Data Wrangling Process

Data Wrangling consists of six phases. You’ll move through each of them in order as you prepare your data. The six phases are: Discovering, Structuring, Cleaning, Publishing, Validating and Enriching.

Discovering your data is the work of finding the location of all the data elements you need for your study. It may be necessary to use more than one data source to capture all the data needed.

Structuring your data is the process of take a large set of data and breaking it into separate parts, or tables, that allow you to move through your data analysis work much easier. It also avoids data duplication that can occur in some instances with too many data fields living inside one data table.

Cleaning your data is critical. Clean data is the most critical asset an organization has to guide it’s management, and thereby success. So, the accuracy of the data should be a top priority for all team members. You’ve likely heard the phrase “Garbage In, Garbage Out”, right? This phrase was coined in reference to data. The cleanliness of an organization’s data depends first on the accuracy of the people entering the data in the beginning, and then ultimately on the analyst using the data. Taking the time upfront to ensure you don’t have missing data, duplicate data, incorrectly entered data, etc. will smooth out and speed up your data analysis while also ensuring the validity of your report.

Enriching your data is a process of finding additional data in another source that can add value to your study. For example, if you’re preparing a report for a hotel chain and one of the metrics is the average daily occupancy rate, it would make your report much more meaningful if you can find a benchmark value that reflects the national average daily occupancy rate. This quickly gives your data more meaning by being able to compare it to what’s going on in the nation.

Validating your data simply means ensuring several checks are built into your process to ensure accuracy and reasonability. A few examples of these data checks are format checks, code checks, and data type checks.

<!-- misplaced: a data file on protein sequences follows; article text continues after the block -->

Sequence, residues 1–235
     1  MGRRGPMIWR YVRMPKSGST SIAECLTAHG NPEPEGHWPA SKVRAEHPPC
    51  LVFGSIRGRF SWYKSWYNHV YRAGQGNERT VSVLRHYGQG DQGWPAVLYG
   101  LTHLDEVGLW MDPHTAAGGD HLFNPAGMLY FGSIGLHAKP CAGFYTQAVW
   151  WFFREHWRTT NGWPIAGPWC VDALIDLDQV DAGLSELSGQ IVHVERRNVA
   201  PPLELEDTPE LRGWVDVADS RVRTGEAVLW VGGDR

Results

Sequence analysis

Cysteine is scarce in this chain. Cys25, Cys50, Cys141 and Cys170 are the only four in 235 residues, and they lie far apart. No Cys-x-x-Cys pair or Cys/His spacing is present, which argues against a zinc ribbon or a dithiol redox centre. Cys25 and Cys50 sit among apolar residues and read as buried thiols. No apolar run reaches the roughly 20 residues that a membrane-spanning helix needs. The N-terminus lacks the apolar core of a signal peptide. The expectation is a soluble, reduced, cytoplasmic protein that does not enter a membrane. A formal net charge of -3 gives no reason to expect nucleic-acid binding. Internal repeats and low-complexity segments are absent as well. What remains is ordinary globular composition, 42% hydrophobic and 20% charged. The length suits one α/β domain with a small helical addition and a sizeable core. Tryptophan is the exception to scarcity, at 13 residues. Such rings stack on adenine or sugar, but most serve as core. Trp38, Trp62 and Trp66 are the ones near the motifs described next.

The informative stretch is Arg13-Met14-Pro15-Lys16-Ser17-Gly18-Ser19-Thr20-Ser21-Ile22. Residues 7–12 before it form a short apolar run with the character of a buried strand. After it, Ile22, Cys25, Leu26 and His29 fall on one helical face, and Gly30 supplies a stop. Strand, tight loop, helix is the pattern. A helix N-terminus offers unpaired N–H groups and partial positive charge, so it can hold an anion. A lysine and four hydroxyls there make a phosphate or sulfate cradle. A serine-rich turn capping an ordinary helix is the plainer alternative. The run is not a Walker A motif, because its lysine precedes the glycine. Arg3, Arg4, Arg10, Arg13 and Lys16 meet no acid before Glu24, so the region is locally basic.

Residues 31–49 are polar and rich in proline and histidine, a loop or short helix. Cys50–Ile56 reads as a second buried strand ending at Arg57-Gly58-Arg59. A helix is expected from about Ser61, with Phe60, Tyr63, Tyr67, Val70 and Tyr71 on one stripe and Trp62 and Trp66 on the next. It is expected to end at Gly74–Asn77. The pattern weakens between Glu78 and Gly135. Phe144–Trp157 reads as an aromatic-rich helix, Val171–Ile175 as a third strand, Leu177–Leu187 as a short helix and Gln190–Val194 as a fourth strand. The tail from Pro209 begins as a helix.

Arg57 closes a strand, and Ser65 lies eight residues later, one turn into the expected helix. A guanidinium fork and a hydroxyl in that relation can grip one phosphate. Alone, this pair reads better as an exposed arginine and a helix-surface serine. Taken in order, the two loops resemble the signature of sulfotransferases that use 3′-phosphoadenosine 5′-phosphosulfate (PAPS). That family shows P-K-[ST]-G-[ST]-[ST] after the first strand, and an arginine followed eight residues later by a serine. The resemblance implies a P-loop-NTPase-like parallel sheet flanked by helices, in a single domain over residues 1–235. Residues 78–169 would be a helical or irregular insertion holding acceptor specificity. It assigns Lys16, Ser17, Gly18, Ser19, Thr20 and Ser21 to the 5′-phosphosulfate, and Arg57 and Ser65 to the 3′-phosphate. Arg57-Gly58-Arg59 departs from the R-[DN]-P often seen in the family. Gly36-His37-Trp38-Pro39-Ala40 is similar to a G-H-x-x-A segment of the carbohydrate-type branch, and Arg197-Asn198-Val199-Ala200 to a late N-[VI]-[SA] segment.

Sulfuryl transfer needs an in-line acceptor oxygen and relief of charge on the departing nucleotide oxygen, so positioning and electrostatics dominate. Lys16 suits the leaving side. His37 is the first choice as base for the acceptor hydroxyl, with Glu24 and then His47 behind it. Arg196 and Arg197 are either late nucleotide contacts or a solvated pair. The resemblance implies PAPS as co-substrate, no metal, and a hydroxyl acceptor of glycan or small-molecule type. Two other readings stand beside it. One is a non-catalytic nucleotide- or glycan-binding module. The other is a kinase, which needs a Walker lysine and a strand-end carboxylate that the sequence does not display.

Publishing your data is preparing your data for use. Once you’ve moved through the other steps in the Data Wrangling process, you should feel very comfortable that your data is complete, clean, correct and ready for use.

Step #3 – The Datamining

The Datamining process is the point where an analyst really starts to perform the data analysis on the data set and pulls out the requested data, along with any other points of importance found along the data journey.

You’ll start at a high level with summarized data that will help steer your analysis. Each level of datamining takes you closer to the ultimate answer that you’re looking for. Just as an archeologist digs for treasures, a data analyst digs for answers.

Step #4 – The Storytelling

Once all the necessary data has been extracted and evaluated, the analyst will begin to prepare a visual story. This is the deliverable that we discussed earlier. Remember, this story is sometimes presented via a graphical slide deck presentation, other times in a document for print, or possibly put into a one page dashboard or scorecard, and still other times simply placed in a spreadsheet format.

No matter the deliverable type, you should always take the reader or audience on a short journey through your datamining process and allow them to see how you came to the conclusions in the report. This is extremely helpful and will increase your reader’s comprehension of the information delivered.

There you have it! The process of performing a data analysis. Not so scary, right? I go into lots more detail in my free webinar. Click here to watch it now!

Let me know if I can help,

If you’d like to learn more about life as a Data Analyst and how to break into this amazing career path, check out my free training – The Making of a Data Analyst.